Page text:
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FCC Staff Considers Translator Relocation Option for AM

A curveball in AM revitalization discussion; MMTC worries about a “tragic mistake”

Text has been updated to include the meeting with Commissioner Clyburn and to detail suggestions from NABOB about two filing windows.

A fresh idea involving FM translators is floating at the FCC as part of its AM revitalization discussions.

The commission staff appears to be considering a window or pre-approved waiver process during which stations could relocate FM translators up to 250 miles. This would be in lieu of a proposal that has circulated widely to create a filing window just for AM stations to apply for FM translators.

The Media Bureau’s Peter Doyle and Holly Saurer recently met with David Honig of the Multicultural Media, Telecommunications and Internet Council and, separately, with James Winston of the National Association of Black Owned Broadcasters, who in turn met with Commissioner Mignon Clyburn, according to two summary letters, one filed by Francisco Montero of law firm Fletcher, Heald and Hildreth on behalf of MMTC and NABOB, and a second filed by NABOB.

Doyle told Honig and Winston that key issues to be considered in analyzing this proposal would be the cost of translators, their availability and demand for them in various geographic locations, according to the summary. “Mr. Doyle showed us two spreadsheets and a table of data from which the Media Bureau appears to have tentatively concluded that the 250-mile proposal would be beneficial to AM licensees,” the letter states. Honig urged the staff to put this information into the public record and, if the FCC doesn’t open a translator window, to issue a further NPRM on this idea.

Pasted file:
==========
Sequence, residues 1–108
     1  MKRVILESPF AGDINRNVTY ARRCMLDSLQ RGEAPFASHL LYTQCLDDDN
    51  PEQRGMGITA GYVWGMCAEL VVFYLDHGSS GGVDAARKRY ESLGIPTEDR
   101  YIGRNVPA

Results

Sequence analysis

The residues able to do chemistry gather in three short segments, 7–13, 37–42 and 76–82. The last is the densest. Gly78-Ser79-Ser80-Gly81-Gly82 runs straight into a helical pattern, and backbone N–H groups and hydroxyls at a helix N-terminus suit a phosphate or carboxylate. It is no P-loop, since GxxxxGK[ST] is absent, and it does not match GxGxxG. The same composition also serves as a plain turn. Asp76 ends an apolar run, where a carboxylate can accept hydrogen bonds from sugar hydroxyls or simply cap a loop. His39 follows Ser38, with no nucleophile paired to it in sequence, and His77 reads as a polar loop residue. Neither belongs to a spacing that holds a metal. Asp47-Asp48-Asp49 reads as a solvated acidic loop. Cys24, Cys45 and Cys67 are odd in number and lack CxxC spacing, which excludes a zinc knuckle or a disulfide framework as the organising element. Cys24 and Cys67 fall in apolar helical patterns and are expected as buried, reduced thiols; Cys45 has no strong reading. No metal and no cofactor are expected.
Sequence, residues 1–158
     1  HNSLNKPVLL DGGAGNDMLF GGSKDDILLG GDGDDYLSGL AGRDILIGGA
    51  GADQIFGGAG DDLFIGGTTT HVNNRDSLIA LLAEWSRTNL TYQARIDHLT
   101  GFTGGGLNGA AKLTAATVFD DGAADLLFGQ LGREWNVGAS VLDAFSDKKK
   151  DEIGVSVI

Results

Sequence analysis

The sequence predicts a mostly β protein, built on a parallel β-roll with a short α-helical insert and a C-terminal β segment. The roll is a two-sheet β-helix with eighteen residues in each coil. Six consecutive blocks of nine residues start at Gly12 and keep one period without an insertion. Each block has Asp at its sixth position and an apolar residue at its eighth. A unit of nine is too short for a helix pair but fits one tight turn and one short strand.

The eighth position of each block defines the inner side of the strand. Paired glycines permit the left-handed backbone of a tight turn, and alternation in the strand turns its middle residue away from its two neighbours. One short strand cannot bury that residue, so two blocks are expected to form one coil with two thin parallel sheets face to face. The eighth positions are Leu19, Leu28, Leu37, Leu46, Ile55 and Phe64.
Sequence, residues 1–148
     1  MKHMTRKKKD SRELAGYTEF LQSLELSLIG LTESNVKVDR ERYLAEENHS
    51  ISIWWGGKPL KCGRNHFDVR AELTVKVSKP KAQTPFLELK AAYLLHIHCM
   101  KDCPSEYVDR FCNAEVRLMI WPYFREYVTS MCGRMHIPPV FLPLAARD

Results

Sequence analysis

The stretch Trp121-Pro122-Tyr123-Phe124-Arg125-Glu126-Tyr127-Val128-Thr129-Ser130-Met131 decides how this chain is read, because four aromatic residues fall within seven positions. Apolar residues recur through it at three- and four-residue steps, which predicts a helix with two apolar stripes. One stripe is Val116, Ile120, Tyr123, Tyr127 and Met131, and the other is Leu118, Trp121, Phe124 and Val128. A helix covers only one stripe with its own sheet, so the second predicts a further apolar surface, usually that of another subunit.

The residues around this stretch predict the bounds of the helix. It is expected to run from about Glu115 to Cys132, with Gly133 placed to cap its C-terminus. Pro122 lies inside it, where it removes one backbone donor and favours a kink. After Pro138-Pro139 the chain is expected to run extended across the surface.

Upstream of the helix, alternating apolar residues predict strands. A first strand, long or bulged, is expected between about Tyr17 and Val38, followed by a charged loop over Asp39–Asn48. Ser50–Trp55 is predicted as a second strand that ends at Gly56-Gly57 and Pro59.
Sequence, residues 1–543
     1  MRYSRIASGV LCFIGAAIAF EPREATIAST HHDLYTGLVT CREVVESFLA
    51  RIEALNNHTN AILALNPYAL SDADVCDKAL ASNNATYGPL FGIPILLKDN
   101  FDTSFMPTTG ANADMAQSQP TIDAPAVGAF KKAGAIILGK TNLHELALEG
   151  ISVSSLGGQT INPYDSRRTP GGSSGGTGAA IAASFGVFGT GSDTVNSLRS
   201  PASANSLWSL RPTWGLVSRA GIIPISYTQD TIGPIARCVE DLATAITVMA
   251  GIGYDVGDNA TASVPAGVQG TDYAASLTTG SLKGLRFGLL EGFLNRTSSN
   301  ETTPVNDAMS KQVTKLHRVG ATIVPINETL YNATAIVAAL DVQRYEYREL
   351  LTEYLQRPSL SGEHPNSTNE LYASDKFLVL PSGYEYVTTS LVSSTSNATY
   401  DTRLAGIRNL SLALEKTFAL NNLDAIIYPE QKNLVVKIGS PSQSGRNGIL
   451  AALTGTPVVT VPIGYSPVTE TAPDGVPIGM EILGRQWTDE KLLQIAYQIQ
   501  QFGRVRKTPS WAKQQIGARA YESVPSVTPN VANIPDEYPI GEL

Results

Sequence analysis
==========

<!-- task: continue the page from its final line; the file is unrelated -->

During the meeting with Clyburn, NABOB proposed that the commission consider opening two filing windows. The first would be limited to licensees of Class C and Class D AM stations, “because these stations operate with limited or no nighttime power,” NABOB said in a subsequent letter filed with the FCC. Second, after completion of selection of licensees in the first filing window, the commission should open a window for Class A and Class B licensees. According to the NABOB letter, each licensee should be permitted to obtain only one FM translator per AM station.

Contacted for further comment, Honig told Radio World that the new proposal, done right, would be a modest step forward. “But it would be a tragic mistake if the FCC did only 250-mile relocations. We need a big step forward, and only an AM-only translator window can deliver that,” he said. “Without an AM-only window, I fear for the survival of about half of the minority-owned AMs, especially the small-market Class C and D standalones and daytimers.”

The MMTC/NABOB letter listed other concerns and issues, should the idea be formally and publicly proposed. A 250-mile waiver for relocating translators “could be worse than doing nothing because it creates an opportunity for larger stations to corner the market on all the remaining translators,” which are relatively are expensive and often “out of the reach” of smaller AM stations. The result, Montero wrote in the letter, is that bidding wars would continue and translators become further out of reach to AM. “Instead of expanding the universe of available translators, the waiver will expand the universe of large stations with which the smaller operators will have to compete.”

As Radio World has reported, an AM Radio Revitalization Report and Order is on circulation at the commission, and the idea of a translator window has garnered more attention than any other proposal. Interested parties including members of Congress and individual broadcasters have filed with the commission to share opinions. Most recently the Congressional Black Caucus sent a letter to the FCC on Sept. 1 expressing concern that the FCC may not include a translator window.

Radio World has reached out to the FCC and to Fletcher, Heald and Hildreth for comment.

Let’s Talk About Translators (A special Radio World series by John Garziglia)

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